Morning Hour / Morning Business (

From the Congressional Glossary – Including Legislative and Budget Terms

Morning Hour / Morning Business

morning, by Kate Ter Haar
morning, by Kate Ter Haar

The time set-aside at the beginning of each legislative day for the consideration of regular, routine business.

The “hour” is of indefinite duration in the House, where a period is set aside at the beginning of the day for members to address the House. On the first legislative day of the week, between 12:00 and 2:00 pm, members are recognized for up to five minutes for these speeches, alternating between majority and minority members on a rotating basis. On the middle days of the week, the time set aside for Morning Hour is between 10:00 am and 12:00 p.m. There are no Morning Hour debates on the last legislative day of the week.

In the Senate, it is the first two hours of a session following an adjournment, as distinguished from a recess. The morning hour can be terminated earlier if the morning business has been completed. Business includes such matters as messages from the president, communications from the heads of departments, messages from the House, the presentation of petition, reports of standing and select committees and the introduction of bills and resolutions. During the first hour of the morning hour in the Senate, no motion to proceed to the consideration of any bill on the calendar is in order except by unanimous consent. During the second hour, motions can be made but must be decided without debate. Senate committees may meet while the Senate conducts morning hour. In practice, the Senate often does this business instead by unanimous consent at other convenient points in the day.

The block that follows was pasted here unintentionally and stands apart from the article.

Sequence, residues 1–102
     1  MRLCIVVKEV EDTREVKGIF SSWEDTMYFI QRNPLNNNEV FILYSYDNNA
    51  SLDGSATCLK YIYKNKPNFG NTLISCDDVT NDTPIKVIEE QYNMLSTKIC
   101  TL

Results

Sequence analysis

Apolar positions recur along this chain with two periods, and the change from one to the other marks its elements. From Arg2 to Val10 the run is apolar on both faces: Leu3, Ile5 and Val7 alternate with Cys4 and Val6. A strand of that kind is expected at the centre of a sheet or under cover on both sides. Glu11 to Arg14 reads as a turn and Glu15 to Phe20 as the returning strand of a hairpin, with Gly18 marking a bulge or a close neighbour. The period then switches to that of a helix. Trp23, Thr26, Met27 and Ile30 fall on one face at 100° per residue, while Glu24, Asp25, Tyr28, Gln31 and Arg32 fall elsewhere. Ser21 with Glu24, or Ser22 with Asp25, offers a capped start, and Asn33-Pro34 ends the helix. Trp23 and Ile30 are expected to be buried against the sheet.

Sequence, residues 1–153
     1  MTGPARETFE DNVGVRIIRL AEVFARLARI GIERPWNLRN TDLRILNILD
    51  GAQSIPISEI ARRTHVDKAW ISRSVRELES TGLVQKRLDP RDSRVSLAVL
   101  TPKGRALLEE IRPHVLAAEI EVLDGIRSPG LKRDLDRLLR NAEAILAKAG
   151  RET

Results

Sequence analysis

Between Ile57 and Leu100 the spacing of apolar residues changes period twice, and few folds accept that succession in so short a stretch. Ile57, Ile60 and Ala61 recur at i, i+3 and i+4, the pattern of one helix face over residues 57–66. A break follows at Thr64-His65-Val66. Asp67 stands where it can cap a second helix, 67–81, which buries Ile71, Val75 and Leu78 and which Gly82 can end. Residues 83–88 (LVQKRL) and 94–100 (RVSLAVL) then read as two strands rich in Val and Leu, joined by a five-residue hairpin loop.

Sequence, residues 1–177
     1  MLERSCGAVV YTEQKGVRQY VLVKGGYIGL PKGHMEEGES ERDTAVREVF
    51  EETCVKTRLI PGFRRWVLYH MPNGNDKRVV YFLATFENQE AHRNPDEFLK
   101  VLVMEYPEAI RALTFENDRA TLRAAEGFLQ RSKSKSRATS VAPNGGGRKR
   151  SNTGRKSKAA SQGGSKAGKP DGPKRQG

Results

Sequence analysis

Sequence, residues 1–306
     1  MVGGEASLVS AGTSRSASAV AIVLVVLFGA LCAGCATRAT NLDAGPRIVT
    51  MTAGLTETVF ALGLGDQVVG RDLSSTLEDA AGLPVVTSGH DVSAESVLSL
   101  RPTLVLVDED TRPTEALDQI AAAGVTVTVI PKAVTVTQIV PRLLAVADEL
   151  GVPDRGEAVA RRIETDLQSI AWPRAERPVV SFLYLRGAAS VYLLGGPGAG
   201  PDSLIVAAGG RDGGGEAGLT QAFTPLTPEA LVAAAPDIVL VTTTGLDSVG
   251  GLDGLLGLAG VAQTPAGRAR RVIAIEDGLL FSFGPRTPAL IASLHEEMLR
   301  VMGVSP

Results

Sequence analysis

Also see







Legislative Drafter's Deskbook: A Practical Guide

Legislative Drafter’s Deskbook: A Practical Guide

Pocket Constitution

Pocket Constitution

Citizen's Handbook to Influencing Elected Officials

Citizen’s Handbook to Influencing Elected Officials: A Guide for Citizen Lobbyists and Grassroots Advocates

Congressional Procedure

Congressional Procedure, from TheCapitol.Net

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